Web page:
Methods of dividing a business in divorce

A married couple that owns and operates a successful Maryland business typically puts in long hours of difficult work. A divorce ends not only their marriage, but it can put an end to the business they worked so hard on.

In a divorce that involves co-ownership of a business, with each owning 50 percent of the enterprise, the American Bar Association says there are in general three options for determining what will happen to the business after the end of the marriage:

  • One spouse buys out the other
  • The business is sold
  • Though divorced, the pair remains co-owners

Let’s take a look at each of those options.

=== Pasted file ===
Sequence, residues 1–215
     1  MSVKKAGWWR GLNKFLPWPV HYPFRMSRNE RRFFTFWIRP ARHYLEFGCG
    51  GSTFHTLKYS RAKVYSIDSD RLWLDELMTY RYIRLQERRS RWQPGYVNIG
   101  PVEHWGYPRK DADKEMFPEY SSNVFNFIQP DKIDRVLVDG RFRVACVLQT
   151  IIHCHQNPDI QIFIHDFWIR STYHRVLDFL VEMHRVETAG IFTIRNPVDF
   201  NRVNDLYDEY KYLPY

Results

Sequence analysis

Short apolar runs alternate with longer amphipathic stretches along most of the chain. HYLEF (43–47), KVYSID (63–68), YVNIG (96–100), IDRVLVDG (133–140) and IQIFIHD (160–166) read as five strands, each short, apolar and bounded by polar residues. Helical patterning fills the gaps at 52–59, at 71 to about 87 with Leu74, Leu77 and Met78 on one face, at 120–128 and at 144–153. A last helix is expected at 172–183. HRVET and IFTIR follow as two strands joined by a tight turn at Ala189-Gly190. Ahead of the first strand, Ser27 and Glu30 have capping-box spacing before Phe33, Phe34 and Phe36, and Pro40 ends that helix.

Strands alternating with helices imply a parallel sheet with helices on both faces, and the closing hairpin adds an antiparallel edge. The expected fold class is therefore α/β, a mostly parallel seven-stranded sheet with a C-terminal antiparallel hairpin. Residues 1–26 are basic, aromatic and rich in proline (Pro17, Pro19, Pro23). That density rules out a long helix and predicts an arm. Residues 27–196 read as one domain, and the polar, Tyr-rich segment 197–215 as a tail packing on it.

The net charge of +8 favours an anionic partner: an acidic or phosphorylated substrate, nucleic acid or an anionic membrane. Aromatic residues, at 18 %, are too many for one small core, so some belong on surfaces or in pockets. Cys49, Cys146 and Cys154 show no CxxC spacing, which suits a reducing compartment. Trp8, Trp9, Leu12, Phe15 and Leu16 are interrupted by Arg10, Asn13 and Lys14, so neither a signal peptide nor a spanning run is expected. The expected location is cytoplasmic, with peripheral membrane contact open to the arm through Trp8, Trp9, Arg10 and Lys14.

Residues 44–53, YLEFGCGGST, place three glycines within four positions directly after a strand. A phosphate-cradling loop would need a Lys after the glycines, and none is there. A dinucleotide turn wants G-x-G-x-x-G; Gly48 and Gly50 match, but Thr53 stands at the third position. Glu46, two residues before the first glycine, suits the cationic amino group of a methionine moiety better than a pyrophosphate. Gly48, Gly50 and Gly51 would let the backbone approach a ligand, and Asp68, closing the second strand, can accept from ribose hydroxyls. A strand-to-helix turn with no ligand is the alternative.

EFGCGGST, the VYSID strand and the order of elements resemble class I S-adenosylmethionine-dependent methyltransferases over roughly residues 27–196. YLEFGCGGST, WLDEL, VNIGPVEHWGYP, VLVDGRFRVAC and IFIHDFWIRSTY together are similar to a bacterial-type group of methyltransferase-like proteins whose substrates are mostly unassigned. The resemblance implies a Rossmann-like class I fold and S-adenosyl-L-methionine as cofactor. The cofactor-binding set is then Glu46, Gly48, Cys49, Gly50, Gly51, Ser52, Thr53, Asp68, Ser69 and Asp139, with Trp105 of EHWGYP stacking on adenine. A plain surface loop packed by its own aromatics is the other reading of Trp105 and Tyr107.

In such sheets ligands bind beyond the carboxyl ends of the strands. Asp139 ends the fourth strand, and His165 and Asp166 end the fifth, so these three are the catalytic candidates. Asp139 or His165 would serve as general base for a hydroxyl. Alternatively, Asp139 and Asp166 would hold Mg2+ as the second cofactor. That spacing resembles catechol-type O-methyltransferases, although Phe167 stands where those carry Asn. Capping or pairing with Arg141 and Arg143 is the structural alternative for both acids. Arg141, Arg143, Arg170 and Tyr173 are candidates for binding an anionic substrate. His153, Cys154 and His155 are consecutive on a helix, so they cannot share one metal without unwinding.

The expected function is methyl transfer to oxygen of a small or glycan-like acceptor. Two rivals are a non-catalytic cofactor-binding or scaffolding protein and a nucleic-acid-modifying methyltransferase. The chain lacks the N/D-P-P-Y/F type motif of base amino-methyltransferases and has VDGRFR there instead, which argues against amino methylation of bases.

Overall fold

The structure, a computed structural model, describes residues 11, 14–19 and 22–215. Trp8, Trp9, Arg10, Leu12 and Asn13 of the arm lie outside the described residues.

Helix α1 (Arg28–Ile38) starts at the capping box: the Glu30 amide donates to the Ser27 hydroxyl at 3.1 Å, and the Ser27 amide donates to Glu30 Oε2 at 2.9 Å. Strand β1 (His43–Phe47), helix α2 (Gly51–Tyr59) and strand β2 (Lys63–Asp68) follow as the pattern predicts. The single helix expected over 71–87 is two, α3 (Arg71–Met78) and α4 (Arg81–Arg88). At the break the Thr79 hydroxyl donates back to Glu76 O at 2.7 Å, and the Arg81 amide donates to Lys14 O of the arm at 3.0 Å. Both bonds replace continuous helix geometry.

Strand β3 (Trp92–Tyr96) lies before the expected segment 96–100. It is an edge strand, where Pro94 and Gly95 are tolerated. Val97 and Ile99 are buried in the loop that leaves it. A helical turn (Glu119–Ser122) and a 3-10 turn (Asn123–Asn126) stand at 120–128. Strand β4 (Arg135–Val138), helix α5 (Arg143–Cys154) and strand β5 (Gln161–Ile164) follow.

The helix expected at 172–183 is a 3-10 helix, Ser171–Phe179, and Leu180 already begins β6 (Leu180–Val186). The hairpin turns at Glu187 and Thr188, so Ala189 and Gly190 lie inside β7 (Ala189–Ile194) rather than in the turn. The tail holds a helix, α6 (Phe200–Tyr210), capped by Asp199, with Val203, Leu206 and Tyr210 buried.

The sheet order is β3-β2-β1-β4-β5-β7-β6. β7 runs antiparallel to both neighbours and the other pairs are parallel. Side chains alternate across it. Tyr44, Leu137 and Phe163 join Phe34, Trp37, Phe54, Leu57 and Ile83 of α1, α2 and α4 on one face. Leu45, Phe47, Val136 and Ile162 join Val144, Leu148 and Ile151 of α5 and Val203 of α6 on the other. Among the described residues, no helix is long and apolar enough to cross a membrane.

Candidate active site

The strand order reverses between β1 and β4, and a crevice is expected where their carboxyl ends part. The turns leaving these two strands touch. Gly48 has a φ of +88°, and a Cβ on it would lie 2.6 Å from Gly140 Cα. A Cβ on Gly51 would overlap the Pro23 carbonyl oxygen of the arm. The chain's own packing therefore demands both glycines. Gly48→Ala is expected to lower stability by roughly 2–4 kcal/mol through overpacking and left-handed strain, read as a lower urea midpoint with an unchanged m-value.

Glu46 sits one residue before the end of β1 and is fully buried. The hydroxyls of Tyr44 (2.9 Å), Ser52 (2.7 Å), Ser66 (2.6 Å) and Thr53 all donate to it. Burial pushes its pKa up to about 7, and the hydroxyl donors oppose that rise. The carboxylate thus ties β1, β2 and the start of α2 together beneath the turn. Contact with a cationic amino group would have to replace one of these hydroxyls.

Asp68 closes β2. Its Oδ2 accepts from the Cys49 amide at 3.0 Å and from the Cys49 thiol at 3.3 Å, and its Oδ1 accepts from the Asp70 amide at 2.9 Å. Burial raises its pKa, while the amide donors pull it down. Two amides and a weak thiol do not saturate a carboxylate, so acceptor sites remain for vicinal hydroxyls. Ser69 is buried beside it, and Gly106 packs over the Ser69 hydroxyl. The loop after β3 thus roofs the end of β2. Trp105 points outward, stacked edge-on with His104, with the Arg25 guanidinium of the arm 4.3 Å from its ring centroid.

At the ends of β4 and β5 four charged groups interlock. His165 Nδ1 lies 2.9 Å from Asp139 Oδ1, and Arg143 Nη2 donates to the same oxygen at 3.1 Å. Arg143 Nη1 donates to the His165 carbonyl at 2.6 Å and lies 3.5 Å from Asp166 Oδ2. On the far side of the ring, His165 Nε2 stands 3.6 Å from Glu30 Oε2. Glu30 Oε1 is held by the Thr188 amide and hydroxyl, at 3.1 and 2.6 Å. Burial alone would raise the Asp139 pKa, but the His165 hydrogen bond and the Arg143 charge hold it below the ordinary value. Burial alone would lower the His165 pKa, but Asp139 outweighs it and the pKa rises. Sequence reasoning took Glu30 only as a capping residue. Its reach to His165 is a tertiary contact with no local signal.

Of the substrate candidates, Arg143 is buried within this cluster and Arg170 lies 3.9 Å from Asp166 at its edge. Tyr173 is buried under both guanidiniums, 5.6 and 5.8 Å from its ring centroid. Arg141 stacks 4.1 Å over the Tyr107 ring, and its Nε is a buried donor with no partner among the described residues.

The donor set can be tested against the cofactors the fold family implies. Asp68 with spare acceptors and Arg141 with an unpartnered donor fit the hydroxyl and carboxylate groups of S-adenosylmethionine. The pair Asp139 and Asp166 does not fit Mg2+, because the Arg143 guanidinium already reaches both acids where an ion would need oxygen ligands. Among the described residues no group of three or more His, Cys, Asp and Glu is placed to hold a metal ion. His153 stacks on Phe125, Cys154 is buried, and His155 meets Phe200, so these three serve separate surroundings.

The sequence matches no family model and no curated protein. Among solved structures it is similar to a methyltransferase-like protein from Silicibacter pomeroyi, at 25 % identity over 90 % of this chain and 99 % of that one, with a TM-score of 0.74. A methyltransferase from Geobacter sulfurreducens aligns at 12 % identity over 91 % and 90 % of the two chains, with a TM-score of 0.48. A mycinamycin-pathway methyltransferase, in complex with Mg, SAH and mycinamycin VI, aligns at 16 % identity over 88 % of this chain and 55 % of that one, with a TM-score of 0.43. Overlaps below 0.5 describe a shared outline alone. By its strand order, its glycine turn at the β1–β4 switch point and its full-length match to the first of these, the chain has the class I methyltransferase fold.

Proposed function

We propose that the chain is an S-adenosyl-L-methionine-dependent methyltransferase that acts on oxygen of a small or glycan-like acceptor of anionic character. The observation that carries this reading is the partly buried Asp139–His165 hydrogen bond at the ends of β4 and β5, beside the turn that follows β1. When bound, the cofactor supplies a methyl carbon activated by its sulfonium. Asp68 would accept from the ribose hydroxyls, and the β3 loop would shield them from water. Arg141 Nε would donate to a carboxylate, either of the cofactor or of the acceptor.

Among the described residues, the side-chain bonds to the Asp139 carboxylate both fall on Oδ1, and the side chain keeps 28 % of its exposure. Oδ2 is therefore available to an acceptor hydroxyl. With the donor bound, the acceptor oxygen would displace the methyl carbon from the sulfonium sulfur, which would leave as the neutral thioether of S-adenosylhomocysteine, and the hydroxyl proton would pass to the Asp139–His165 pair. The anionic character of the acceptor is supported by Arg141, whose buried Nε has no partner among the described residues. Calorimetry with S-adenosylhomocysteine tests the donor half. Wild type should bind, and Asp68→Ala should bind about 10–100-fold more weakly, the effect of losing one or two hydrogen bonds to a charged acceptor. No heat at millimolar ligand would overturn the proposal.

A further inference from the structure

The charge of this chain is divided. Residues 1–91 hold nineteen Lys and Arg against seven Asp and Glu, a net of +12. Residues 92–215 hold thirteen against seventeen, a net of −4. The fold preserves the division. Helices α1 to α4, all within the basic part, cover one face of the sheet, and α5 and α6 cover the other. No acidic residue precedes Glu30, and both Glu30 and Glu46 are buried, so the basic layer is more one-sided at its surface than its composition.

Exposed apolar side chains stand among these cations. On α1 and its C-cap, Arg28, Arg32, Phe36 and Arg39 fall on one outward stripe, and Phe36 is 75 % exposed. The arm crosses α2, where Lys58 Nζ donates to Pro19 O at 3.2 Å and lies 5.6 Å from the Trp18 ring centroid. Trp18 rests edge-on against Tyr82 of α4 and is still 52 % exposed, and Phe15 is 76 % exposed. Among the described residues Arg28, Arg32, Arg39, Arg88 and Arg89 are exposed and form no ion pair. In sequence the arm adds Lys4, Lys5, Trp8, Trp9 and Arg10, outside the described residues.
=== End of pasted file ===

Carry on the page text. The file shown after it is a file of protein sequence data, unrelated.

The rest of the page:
One buys out the other

This is the most common resolution to the problem of dealing with co-ownership of a business in divorce: one spouse buys the other spouse’s interest in the business.

This method has an important tax consideration, the ABA says: “A spouse’s purchase of a business interest from the other spouse as part of a buyout typically is not treated as a sale for tax purposes.” The transfers of money from one spouse to the other and half of ownership interests from one to the other are typically considered tax-free.

There are two ways for the transfers to be considered part of the divorce and therefore tax-free: (1) if the transfers happen within a year after the marriage ends, and (2), if the property division settlement requires it and the transfer then happens within six years after the end of the marriage.

No matter which of the options divorcing business owners decide on to split their business interests, it’s important to discuss the matter with a family law attorney and a financial advisor.

We will have more on those options in an upcoming post to our Bethesda family law blog. Please check back.